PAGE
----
Lev was a linotype operator with the NY Times and took up painting later in life as a way to be with people “who are more likely to go out on a limb and take chances”. His paintings are very different from the representational and abstract work on the island (or anywhere else, for that matter). Responding to his gut reaction, he takes the idea of what he wants to paint from the scene and renders it in a combination of bold shapes, vivid colours, and striking patterns that hang together so incredibly well that they have an immediate, and irresistible, sensual appeal.

I comment that he describes the way he paints in the same way that he’s told me how he remembers events: once he has a key word, he sees the scene as if it’s unrolling right before his eyes, and then he picks out the details he wants. In painting, his gut reaction to what he sees or remembers is like a key word: it summons and organizes what he expresses on a canvas. He replies that I may have a point, although he’s never thought about it that way, because he doesn’t think painting is really about memory. “I’m experiencing something.’ The technique is learning how to express the feelings.”

He never forgets the feelings that drive the paintings. “Once I remember, once I have the incident, or the image of where something was, they all come back as if they’d just happened.” But the idea that memory is more than an intellectual process, can live anywhere else but in his mind, still bothers Lev. One day we were having a conversation with Meyer and Miriam, also long time summer residents. Lev was stoutly maintaining that he made sketches from his imagination, “and that isn’t memory.” Meyer asks him how he does this.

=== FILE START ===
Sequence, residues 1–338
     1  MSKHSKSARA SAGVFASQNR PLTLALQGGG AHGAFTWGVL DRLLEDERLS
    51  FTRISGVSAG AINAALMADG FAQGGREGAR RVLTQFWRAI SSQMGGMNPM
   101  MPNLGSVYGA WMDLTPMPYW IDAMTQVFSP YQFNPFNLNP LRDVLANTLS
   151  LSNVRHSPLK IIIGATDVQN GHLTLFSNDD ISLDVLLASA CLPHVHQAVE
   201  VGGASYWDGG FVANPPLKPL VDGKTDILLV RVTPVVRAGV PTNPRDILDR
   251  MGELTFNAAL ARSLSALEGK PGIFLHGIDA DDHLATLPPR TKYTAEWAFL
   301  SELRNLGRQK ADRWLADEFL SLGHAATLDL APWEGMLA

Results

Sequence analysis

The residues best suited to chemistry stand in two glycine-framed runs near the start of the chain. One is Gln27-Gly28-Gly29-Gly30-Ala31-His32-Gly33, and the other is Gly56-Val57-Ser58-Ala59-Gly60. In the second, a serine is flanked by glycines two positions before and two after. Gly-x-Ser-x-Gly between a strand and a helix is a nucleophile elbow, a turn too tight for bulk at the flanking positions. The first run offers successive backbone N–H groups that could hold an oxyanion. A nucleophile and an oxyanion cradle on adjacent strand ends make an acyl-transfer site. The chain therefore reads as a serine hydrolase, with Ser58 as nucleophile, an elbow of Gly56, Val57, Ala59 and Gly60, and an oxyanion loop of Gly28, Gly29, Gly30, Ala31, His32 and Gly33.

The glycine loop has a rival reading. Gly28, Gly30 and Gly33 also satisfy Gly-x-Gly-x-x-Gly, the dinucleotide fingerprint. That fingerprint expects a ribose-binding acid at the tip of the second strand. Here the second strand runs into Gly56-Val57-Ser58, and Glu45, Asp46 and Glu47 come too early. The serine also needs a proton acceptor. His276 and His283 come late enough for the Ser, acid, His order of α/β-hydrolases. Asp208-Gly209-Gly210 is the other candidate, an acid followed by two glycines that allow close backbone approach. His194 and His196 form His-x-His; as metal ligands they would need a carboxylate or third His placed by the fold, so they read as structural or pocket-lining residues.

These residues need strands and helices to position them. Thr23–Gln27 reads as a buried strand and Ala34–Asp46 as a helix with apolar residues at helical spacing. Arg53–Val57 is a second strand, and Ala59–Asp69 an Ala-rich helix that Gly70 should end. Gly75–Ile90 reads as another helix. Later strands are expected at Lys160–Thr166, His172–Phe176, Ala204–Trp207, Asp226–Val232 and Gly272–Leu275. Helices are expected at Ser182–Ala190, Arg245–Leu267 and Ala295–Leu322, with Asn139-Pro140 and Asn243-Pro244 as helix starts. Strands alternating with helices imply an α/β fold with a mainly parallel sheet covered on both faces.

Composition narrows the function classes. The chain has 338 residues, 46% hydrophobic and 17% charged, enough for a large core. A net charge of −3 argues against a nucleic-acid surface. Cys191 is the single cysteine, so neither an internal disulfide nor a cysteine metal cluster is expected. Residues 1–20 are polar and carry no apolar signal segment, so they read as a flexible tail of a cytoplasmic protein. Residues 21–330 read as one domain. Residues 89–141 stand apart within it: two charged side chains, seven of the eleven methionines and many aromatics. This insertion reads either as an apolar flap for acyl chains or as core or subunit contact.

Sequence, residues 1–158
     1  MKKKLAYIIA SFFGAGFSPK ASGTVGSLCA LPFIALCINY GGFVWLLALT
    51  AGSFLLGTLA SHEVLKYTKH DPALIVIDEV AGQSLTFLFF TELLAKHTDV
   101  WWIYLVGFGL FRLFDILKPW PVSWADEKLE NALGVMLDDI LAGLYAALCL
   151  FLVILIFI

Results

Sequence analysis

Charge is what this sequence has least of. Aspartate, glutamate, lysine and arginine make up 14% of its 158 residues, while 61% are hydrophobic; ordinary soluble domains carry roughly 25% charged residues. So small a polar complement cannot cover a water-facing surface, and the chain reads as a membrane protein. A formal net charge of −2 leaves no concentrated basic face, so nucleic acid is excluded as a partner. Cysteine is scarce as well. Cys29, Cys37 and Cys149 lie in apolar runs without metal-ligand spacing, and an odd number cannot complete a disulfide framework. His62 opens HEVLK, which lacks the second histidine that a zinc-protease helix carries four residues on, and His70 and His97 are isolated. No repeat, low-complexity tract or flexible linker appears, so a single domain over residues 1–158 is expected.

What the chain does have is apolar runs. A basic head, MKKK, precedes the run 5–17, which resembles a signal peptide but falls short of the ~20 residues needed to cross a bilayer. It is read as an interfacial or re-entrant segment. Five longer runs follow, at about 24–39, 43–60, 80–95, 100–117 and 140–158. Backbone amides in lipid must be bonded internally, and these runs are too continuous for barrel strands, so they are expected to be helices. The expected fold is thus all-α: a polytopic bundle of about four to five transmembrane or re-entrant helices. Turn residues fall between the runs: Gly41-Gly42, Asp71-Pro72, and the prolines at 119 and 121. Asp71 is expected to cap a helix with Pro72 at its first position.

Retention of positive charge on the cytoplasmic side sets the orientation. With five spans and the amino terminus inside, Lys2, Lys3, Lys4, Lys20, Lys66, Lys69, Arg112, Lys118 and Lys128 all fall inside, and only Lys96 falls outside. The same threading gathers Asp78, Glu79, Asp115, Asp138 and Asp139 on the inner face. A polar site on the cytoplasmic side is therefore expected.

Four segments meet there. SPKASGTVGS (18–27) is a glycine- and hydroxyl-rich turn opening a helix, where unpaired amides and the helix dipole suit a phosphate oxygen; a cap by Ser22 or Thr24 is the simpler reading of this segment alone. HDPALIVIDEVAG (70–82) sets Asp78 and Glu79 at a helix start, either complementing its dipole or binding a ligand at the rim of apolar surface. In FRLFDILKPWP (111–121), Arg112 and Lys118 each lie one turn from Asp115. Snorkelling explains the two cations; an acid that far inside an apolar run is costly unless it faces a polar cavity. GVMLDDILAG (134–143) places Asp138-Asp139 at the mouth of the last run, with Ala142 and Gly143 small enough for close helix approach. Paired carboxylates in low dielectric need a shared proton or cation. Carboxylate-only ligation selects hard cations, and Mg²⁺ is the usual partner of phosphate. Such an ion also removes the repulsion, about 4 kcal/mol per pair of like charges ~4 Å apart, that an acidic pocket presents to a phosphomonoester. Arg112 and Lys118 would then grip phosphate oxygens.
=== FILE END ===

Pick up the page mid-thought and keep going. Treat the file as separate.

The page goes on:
“Well, I think about how a fisherman looks, how he feels when he is casting a line, and will experiment in the sketch until I get the line of the shape I am picturing.”

“So you are remembering that, how he looked, how he felt?” Meyer asks.

“Yes, but it’s not just memory. I remember how he looks, and I am feeling it when I am painting it.”